Millions of Americans take advantage of their local curbside recycling program, which makes it easy for them to recycle common household products. Although participation in these programs has increased over the years, there are still many Americans who choose not to leave their recycling at the curb. Some people who participate in these programs are still unclear as to how they work or what can be left at the curb. To clear up confusion—and motivate people to start recycling—take a look at some of these little-known factors about curbside recycling programs:

Removing Non-Recyclables is Time-Consuming and Expensive

Everyone has had those moments where they question whether or not a certain item should be tossed in the recycling bin. Many people in this situation end up putting the item in the recycling bin because they assume that the hauler sorts through everything before it is processed.

If the hauler fails to remove a non-recyclable item, it can end up contaminating other recycled materials. To prevent this problem, the hauler has no choice but to remove non-recyclables by hand. This is a very time-consuming and expensive process. It’s best to learn what should and should not go in these bins so you can help these hardworking haulers save time.

Curbside Programs Are Either Single-Stream or Multi-Stream

Before participating in the curbside recycling program, find out whether the program is single-stream or multi-stream. If it is single-stream, it means that all household recyclables such as paper, plastic, and glass can be tossed in the same recycling bin. However, if the program is multi-stream, it means that materials need to be separated and placed in separate bins. Some multi-stream programs require residents to separate paper into its own bin, while others require a separate bin for each type of recyclable.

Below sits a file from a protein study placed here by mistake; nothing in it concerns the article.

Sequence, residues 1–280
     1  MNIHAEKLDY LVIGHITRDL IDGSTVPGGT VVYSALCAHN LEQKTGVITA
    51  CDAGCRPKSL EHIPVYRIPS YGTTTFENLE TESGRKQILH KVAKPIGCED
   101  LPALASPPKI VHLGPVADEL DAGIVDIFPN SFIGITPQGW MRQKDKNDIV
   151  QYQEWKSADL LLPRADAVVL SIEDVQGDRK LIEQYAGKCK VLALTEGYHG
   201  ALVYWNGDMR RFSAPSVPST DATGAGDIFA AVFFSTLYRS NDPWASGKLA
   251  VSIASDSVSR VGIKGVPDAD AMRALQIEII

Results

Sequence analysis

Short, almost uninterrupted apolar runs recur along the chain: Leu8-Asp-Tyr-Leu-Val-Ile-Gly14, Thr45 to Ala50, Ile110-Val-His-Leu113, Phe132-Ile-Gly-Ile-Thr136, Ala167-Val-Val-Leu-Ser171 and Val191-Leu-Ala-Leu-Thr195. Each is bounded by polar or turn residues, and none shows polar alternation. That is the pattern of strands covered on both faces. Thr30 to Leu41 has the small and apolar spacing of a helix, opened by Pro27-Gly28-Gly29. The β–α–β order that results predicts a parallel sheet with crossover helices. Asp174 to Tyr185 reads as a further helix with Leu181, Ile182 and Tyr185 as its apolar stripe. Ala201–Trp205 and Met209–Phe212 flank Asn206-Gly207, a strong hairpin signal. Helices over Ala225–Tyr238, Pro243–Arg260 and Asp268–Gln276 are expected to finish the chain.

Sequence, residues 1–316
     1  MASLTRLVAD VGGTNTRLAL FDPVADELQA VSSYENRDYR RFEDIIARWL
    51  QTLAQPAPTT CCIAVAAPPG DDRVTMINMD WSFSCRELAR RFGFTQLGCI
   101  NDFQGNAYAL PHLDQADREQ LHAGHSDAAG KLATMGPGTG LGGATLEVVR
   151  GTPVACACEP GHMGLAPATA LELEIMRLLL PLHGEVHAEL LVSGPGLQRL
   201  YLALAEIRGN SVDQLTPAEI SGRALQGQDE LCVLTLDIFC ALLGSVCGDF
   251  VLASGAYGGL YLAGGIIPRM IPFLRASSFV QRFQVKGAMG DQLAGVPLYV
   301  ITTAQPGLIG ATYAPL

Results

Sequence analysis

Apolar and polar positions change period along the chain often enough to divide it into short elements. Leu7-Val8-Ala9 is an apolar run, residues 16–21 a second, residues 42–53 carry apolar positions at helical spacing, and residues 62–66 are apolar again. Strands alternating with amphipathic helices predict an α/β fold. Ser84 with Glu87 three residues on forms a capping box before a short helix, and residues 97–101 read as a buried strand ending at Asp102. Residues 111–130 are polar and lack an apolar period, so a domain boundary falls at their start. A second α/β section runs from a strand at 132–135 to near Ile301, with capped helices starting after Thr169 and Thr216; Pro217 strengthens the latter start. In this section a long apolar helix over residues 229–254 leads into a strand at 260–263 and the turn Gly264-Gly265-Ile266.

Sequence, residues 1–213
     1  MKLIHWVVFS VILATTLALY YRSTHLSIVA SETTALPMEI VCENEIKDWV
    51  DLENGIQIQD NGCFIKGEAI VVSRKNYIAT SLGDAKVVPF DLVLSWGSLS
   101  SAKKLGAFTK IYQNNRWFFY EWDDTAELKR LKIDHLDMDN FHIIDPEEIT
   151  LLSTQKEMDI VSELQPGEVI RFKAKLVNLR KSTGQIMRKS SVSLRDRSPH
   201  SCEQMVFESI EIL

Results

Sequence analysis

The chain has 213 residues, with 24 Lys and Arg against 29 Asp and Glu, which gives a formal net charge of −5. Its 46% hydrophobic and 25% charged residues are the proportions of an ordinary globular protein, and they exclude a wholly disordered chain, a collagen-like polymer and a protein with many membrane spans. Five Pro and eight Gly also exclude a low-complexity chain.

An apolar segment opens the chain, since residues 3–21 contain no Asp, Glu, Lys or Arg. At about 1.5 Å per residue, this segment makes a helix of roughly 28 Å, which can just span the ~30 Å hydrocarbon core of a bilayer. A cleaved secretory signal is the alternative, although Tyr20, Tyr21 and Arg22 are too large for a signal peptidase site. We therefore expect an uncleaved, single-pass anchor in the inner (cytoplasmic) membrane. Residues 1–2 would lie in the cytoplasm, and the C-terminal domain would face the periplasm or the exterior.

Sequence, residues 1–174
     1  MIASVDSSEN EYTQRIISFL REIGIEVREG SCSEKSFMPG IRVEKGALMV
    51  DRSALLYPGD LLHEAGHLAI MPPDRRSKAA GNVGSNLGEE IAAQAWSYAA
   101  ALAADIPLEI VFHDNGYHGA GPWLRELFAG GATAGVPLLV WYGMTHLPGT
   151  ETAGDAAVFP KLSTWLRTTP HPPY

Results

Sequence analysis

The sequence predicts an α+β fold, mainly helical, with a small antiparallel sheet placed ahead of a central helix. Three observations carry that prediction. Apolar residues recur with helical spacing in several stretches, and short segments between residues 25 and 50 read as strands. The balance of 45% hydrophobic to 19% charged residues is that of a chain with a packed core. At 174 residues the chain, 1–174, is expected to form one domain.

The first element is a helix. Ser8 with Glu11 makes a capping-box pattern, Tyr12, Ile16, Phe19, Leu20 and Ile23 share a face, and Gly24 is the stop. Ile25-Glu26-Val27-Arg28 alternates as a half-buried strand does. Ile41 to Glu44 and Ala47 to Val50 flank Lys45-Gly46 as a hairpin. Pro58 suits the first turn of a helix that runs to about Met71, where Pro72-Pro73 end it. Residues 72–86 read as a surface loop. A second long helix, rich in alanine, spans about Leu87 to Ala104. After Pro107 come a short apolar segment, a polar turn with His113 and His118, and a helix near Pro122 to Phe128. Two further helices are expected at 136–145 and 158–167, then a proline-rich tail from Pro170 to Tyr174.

Some Papers and Plastics Cannot Be Recycled Through Curbside Programs

Each jurisdiction has different rules when it comes to what can and cannot be recycled through the curbside program. But in general, it’s important to understand that although paper and plastics are recyclable, some paper and plastic products cannot be recycled through curbside programs.

For example, single-serve coffee cups are usually made out of paper, but they cannot be recycled. The waxed coating on these cups is difficult to break down, so local recycling centers do not accept these items. Other paper products such as napkins and paper towels are usually dirty when disposed of, which means they cannot be recycled either.

There are also a number of different types of plastics that cannot be processed at local recycling centers. Contact the recycling center near you to find out which plastics they are willing to accept.

Items Don’t Have to Be Thoroughly Cleaned

Many people think that items such as jars, bottles, and tins need to be cleaned before they can be recycled. However, this is not necessarily true, so don’t let this misconception prevent you from participating in a curbside recycling program. Recycling centers ask that these items be emptied before they are tossed into the recycling bin, but they don’t need to be spotless. Simply scrape the inside of the jar or bottle to remove the remaining product and toss it into the bin.

Share these facts with friends and family so more people choose to participate and know how to take advantage of the curbside recycling programs across the country.